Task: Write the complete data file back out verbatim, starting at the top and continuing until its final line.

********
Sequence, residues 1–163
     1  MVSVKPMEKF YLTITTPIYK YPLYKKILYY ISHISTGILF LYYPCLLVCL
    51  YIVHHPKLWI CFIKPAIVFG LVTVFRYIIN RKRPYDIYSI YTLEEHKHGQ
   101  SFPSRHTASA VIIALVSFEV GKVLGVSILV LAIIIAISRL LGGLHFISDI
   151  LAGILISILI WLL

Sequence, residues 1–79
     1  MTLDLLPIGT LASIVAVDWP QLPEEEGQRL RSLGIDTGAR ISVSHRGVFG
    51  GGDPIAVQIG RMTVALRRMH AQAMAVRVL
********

Sequence, residues 1–163
     1  MVSVKPMEKF YLTITTPIYK YPLYKKILYY ISHISTGILF LYYPCLLVCL
    51  YIVHHPKLWI CFIKPAIVFG LVTVFRYIIN RKRPYDIYSI YTLEEHKHGQ
   101  SFPSRHTASA VIIALVSFEV GKVLGVSILV LAIIIAISRL LGGLHFISDI
   151  LAGILISILI WLL

Sequence, residues 1–79
     1  MTLDLLPIGT LASIVAVDWP QLPEEEGQRL RSLGIDTGAR ISVSHRGVFG
    51  GGDPIAVQIG RMTVALRRMH AQAMAVRVL